The history of liberal arts education goes back to the ancient Greeks and the first “university” ever created. Ancient Greeks believed that if people wanted to live fulfilled lives and make valuable, effective contributions to public life, they needed grammar, logic, and rhetoric education. Those three subjects were collectively known as “the trivium.” Other subjects: arithmetic, astronomy, geometry, and music, rounded out the rest of what was considered excellent education for the populace. The ancient Greeks believed so much in those educational pursuits that Plato developed the Platonic Academy, otherwise known simply as “The Academy,” in 387 BC. Today, the four areas of a liberal arts education are social sciences, natural sciences, mathematics, and humanities.

“Humanities” are the trivium subjects that expanded and became more specialized over time. For example, an incomplete list of typical humanities subjects could include communication, literature, composition, history, journalism, philosophy, fine arts, music, speech, foreign languages, and theology. From that list, you can see how grammar, logic, and rhetoric are golden threads that run through each subject. Communication, composition, journalism, speech, and languages are most obviously concerned with grammar and rhetoric but also logic. Philosophy, speech, history, and literature are concerned with logic and rhetoric and require astute grammar.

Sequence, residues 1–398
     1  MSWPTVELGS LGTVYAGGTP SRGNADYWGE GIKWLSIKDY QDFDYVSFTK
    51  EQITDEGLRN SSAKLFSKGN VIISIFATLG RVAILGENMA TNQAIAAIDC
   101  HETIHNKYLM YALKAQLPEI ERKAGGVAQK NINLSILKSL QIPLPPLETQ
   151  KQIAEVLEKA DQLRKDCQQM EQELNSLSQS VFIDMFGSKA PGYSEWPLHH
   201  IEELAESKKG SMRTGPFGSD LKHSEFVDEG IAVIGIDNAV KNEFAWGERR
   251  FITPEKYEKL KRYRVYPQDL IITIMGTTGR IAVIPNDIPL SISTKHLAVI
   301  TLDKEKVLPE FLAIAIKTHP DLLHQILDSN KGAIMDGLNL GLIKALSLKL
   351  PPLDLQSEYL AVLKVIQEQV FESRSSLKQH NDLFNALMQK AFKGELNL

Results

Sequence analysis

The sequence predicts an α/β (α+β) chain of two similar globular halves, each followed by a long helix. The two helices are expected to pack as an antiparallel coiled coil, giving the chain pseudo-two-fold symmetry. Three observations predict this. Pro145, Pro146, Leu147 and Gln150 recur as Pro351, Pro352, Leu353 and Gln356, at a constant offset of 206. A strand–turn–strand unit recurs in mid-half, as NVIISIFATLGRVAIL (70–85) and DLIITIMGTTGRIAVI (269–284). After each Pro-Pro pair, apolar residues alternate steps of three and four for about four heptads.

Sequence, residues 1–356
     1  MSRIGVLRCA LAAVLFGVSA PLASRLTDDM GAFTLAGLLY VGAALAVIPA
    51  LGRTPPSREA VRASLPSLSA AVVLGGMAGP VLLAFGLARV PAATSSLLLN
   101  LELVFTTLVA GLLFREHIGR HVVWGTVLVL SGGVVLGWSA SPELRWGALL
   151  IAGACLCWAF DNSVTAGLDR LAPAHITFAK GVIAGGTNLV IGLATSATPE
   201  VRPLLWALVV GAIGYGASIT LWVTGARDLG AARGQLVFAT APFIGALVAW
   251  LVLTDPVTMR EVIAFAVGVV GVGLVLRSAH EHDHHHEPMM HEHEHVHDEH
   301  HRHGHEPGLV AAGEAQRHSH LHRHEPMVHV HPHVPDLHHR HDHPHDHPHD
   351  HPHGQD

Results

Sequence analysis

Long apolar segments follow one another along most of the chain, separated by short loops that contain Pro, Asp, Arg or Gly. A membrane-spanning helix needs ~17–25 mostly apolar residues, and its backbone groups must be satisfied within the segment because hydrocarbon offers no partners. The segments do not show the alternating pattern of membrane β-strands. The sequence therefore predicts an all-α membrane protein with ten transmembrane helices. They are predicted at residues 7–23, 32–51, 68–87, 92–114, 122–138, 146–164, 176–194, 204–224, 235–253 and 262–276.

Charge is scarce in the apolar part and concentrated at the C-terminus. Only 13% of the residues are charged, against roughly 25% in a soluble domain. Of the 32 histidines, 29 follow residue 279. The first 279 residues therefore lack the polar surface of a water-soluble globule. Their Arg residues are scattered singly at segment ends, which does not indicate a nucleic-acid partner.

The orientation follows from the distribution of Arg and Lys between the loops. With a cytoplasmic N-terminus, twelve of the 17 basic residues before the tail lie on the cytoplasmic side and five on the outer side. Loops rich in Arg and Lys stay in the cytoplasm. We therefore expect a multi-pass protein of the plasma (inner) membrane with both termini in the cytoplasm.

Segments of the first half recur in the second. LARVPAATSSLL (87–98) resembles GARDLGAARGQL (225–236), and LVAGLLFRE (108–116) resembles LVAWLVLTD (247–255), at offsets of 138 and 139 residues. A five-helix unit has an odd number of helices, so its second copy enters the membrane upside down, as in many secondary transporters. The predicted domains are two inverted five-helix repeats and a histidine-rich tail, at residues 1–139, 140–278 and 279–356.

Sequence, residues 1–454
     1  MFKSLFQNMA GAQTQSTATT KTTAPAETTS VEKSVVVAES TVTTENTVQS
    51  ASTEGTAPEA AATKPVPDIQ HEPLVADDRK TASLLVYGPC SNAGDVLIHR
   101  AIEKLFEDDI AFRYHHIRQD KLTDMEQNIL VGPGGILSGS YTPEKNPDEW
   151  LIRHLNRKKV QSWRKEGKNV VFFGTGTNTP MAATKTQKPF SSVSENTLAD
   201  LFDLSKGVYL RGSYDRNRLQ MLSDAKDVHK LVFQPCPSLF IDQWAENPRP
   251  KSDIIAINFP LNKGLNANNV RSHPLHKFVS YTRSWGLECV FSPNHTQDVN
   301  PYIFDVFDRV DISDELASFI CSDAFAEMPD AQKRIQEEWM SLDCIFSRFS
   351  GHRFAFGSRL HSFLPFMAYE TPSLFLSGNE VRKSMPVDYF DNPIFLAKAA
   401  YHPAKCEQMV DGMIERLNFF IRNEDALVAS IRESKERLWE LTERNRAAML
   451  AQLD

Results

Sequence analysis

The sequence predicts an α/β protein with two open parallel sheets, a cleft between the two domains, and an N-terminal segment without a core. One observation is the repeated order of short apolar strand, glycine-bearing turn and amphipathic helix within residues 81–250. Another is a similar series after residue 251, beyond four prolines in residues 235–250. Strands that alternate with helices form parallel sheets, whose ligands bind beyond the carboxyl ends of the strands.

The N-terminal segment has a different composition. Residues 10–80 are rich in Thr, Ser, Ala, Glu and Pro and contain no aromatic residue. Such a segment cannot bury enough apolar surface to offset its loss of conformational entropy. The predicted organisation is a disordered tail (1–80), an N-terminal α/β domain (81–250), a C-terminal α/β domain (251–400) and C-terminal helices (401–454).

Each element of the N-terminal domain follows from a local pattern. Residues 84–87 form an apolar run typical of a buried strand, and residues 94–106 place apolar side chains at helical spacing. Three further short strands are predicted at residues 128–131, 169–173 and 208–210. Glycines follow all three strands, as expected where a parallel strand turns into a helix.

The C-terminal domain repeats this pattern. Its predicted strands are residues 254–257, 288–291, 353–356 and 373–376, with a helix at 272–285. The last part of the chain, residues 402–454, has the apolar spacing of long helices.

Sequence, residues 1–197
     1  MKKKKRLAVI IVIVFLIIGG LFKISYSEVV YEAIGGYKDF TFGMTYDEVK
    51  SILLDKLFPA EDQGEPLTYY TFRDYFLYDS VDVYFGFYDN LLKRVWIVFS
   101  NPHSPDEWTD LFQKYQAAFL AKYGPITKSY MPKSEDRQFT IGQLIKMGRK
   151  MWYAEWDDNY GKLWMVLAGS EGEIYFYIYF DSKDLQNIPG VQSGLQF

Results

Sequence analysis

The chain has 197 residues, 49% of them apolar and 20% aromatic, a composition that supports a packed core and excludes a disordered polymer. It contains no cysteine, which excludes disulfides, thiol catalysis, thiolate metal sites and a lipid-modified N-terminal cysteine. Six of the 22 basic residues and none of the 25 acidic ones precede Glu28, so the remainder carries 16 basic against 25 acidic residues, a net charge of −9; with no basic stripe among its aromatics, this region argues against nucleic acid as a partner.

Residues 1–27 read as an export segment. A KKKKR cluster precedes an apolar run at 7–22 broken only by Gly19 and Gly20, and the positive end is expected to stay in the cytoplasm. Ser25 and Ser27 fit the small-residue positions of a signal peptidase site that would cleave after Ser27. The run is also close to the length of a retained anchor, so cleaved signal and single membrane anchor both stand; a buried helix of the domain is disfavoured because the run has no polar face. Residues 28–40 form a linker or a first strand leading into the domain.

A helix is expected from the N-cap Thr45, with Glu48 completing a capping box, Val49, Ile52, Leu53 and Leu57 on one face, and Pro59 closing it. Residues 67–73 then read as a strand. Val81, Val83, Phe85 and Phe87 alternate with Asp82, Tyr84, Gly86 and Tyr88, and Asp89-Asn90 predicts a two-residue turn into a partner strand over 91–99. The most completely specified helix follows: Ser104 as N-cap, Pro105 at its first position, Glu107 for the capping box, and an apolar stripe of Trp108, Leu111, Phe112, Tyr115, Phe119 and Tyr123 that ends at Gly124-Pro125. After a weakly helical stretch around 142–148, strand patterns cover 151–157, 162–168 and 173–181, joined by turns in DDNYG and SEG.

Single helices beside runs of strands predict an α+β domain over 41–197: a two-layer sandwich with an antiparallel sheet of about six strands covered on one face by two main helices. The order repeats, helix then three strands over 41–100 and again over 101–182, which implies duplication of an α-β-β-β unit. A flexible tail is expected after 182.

Now that we know how “liberal arts” and “humanities” relate to each other, we can look more closely at exactly what, how, and why liberal arts education (including humanities courses) matters to all professionals, leaders, thinkers, and creators. Throughout the years, my goal as an educator has been to not only teach students the ins and outs of my particular course but also to show them exactly how the liberal arts, in general, will matter to them in their chosen career field. I hope that you’ll allow me to do the same for you over the next several months!

Nichole Brazelton

Nichole Brazelton is a professor of writing and humanities at Manchester Community College and a poet. Her creative works have been recognized as finalists for multiple literary awards, anthologized, and featured in national and international literary journals, including Marathon Literary Review, Sand Hills Literary Magazine, Canary, Landing Zone, and Hip Pocket Press. Her scholarly works have appeared in Educational Philosophy and Theory and the International Journal of Listening. Nichole's research primarily focuses on the pragmatics of human communication, narrative theory, and the rhetorical construction of the social and interpersonal. She believes in the practical and community-based mission, accessibility, and fiscal responsibility of the community college model. She has aligned her teaching, and communicative practices to best meet first-generation, adult, and returning students' practical, intellectual, and experiential needs.